Peripheral vision is a part of vision that occurs outside the very center of gaze. There is a broad set of non-central points in the field of view that is included in the notion of peripheral vision. “Far peripheral” vision exists at the edges of the field of view, “mid-peripheral” vision exists in the middle of the field of view, and “near-peripheral”, sometimes referred to as “para-central” vision, exists adjacent to the center of gaze.
The loss of peripheral vision while retaining central vision is known as tunnel vision, and the loss of central vision while retaining peripheral vision is known as central scotoma.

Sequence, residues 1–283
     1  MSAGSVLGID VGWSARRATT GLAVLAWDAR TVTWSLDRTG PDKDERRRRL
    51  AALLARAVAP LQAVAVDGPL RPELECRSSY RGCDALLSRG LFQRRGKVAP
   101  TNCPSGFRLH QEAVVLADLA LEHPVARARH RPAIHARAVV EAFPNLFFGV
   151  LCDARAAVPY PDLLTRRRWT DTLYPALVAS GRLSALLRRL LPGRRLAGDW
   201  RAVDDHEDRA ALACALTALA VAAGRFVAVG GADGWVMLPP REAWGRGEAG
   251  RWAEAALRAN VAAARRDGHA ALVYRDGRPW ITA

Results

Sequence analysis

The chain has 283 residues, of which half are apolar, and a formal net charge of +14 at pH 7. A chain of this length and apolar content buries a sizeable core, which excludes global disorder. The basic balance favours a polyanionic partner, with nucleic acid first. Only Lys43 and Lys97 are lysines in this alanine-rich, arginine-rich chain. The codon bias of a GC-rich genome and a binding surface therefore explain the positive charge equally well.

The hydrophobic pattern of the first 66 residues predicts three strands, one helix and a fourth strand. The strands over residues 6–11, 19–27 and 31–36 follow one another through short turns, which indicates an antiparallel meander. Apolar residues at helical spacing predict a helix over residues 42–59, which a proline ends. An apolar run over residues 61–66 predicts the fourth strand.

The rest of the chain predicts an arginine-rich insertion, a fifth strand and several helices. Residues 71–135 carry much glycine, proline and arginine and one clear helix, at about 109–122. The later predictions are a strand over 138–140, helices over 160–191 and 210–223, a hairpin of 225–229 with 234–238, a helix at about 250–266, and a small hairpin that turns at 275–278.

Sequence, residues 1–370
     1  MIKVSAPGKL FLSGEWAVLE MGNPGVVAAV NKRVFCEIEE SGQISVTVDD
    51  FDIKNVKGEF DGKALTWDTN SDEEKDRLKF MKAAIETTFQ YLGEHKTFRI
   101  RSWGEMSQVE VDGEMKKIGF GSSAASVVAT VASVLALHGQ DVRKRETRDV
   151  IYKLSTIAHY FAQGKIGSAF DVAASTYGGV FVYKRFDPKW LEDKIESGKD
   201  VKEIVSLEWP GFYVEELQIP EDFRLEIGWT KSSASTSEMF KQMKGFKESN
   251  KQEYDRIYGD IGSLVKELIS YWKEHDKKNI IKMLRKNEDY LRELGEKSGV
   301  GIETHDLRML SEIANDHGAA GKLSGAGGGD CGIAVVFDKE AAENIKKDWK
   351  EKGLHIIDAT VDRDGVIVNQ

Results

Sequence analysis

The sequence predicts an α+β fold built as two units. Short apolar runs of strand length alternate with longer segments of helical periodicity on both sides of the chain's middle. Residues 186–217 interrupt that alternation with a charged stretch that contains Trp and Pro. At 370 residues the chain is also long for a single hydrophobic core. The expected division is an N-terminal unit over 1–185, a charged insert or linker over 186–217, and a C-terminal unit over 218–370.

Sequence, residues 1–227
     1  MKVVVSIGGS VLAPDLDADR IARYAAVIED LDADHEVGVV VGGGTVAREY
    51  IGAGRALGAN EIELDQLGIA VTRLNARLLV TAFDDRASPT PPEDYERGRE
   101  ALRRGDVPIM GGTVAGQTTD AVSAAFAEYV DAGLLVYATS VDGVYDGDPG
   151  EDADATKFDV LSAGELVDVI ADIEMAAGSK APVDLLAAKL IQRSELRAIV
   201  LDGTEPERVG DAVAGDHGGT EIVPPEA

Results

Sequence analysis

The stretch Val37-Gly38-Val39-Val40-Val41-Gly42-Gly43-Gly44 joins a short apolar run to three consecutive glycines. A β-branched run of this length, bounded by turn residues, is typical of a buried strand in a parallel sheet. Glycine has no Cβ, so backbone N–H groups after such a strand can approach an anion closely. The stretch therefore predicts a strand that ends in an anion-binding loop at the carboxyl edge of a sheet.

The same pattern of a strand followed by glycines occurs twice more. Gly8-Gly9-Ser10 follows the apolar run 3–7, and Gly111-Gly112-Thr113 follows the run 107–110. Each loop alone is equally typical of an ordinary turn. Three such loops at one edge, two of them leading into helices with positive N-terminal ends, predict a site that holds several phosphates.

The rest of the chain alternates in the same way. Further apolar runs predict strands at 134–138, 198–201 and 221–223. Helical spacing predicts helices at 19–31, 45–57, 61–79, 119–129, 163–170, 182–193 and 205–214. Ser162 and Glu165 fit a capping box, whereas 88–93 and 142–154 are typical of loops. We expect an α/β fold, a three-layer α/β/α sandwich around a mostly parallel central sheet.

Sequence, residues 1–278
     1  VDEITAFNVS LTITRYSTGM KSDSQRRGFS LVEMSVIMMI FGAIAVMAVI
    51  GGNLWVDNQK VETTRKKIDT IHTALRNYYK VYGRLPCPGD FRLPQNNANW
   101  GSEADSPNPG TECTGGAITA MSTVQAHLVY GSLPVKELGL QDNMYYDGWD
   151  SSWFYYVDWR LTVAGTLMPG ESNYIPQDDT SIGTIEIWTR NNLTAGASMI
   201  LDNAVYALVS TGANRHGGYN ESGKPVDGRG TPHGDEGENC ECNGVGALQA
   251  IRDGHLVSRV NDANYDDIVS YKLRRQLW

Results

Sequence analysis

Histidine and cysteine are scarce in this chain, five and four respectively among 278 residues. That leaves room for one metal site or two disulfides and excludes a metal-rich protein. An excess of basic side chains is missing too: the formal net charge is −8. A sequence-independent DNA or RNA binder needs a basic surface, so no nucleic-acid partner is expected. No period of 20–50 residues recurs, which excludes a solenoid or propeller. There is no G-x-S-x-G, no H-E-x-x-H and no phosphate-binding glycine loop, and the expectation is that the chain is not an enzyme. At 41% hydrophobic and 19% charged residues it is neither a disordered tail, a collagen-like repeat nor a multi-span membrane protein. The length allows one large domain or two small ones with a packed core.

Peripheral vision is weaker in humans, compared with other animals, especially at distinguishing color and shape. This is because receptor cells on the retina are greater at the center and lowest at the edges (see visual system for an explanation of these concepts). In addition, there are two types of receptor cells, rod cells and cone cells; rod cells are unable to distinguish color and are predominant at the periphery, while cone cells are concentrated mostly in the center of the retina, the fovea.
TEST YOUR PERIPHERAL VISION NOW:
– Pay attention to the picture below: